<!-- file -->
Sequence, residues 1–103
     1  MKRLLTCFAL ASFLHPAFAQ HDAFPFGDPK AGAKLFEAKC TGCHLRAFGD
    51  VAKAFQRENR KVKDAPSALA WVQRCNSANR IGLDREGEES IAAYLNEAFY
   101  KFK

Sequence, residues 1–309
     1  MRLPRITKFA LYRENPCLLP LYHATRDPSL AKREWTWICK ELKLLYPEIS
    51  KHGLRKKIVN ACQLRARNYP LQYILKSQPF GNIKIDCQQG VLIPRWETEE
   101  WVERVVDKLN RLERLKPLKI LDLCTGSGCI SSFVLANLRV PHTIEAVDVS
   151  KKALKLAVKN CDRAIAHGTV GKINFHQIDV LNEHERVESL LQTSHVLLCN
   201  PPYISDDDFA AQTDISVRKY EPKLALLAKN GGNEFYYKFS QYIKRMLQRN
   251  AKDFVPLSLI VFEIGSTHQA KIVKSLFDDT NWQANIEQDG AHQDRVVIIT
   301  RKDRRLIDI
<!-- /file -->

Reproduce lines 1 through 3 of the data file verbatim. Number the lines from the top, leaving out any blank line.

Sequence, residues 1–103
     1  MKRLLTCFAL ASFLHPAFAQ HDAFPFGDPK AGAKLFEAKC TGCHLRAFGD
    51  VAKAFQRENR KVKDAPSALA WVQRCNSANR IGLDREGEES IAAYLNEAFY